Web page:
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Penalty Avoidance

Photo of a Referee - PenaltyIf you’re getting a new long-term mortgage, odds are you’re going to fiddle with it before maturity.

The majority of people will either:

  • Add money to their mortgage
  • Add a readvanceable line of credit
  • Refinance to get a better rate (which happens less frequently nowadays)
  • Increase the amortization
  • Port their mortgage to a new home, or
  • Discharge it outright.

Some of the above will require an early pre-payment charge (a.k.a. penalty). This week’s Globe column poses ten questions to help you avoid mortgage-penalty shock.

Other things being equal, avoiding lenders with costly penalty rules is one of many ways to reduce your overall borrowing costs.

Incidentally, the industry prefers that mortgage penalties be called “prepayment charges.” That’s because these charges aren’t supposed to penalize a borrower. They’re supposed to compensate your lender for very real costs it incurs when you pay off your mortgage before agreed. (“Costs” refer mostly to lost interest, but lenders also incur underwriting costs, originator compensation, securitization costs, etc.)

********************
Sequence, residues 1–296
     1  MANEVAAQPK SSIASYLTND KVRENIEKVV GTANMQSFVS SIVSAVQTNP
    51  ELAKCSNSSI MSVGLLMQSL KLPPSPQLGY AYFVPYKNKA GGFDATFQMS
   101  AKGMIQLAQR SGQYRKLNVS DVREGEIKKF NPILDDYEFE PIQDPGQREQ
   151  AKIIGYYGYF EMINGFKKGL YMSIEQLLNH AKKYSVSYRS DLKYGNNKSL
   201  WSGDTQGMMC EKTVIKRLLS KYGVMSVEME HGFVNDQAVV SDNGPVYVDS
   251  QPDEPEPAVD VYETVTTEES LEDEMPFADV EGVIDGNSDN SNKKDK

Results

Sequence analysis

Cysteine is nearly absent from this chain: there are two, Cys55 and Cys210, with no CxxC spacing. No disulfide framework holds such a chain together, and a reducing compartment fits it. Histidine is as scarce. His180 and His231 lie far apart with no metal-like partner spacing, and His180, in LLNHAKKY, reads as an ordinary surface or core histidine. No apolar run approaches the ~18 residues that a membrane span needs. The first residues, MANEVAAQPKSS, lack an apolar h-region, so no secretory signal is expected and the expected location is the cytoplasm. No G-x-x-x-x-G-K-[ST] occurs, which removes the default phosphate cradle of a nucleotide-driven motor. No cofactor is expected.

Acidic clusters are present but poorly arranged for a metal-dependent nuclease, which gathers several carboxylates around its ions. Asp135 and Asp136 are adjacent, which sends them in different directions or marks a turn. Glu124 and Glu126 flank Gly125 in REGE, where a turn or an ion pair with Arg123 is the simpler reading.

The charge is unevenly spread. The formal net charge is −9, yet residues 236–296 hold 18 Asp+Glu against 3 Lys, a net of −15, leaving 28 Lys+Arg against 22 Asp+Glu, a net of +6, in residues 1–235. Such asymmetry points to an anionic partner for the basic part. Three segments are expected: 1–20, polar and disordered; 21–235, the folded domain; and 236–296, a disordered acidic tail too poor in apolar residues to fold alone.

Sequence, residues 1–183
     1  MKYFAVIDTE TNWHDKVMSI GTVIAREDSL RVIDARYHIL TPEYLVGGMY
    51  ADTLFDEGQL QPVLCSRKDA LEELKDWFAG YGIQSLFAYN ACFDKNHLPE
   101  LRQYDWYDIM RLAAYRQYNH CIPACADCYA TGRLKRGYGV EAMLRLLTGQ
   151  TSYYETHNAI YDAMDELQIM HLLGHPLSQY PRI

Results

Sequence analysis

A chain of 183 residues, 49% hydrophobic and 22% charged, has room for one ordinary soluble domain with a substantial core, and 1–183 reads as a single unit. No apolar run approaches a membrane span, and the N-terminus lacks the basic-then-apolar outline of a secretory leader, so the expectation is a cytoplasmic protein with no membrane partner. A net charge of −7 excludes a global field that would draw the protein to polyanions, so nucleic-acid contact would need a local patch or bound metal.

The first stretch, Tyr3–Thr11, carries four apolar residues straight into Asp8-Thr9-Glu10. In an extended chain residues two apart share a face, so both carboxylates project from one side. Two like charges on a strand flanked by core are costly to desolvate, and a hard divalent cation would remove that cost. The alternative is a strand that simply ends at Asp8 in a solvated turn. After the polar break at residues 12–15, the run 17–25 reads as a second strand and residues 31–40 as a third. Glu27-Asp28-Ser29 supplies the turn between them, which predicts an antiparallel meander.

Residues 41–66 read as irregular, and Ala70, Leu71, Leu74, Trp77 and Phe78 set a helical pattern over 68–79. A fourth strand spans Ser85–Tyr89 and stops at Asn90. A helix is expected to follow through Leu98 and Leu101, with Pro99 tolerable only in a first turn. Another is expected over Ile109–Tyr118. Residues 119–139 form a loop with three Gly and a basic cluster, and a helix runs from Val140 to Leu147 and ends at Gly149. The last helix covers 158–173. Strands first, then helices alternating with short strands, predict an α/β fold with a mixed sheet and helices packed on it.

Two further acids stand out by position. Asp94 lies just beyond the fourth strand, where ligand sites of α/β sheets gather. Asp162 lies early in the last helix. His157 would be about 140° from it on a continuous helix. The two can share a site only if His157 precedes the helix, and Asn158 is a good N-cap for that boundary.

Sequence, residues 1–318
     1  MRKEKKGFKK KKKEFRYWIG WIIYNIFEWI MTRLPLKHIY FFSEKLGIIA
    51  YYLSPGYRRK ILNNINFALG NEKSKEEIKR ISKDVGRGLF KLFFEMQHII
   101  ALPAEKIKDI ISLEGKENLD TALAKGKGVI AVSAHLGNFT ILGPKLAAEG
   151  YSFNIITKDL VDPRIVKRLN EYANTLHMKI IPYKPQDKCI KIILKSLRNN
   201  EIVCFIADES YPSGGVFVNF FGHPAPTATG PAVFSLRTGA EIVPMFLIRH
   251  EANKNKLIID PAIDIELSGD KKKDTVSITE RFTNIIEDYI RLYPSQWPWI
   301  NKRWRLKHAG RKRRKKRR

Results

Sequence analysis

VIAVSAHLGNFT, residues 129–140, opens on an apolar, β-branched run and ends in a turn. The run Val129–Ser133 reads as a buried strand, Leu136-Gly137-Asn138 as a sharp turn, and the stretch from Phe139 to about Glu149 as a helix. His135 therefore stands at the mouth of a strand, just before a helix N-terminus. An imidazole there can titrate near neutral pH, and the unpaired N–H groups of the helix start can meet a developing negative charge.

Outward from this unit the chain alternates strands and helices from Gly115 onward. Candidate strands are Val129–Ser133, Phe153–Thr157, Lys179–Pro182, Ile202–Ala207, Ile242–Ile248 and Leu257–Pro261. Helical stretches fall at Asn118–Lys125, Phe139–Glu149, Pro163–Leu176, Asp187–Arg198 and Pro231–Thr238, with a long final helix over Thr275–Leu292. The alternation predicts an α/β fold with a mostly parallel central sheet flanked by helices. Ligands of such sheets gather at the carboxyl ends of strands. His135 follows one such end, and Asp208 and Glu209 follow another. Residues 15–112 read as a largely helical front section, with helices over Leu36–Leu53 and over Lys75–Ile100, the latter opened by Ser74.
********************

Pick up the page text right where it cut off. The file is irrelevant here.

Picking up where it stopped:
The problem is, some lenders impose far more severe prepayment charges than others. Major banks sometimes charge more than twice what a smaller lender would charge for the same term mortgage, even though the bank has lower funding costs. If that’s not “penalizing,” it could have fooled us.

Rob McLister, CMT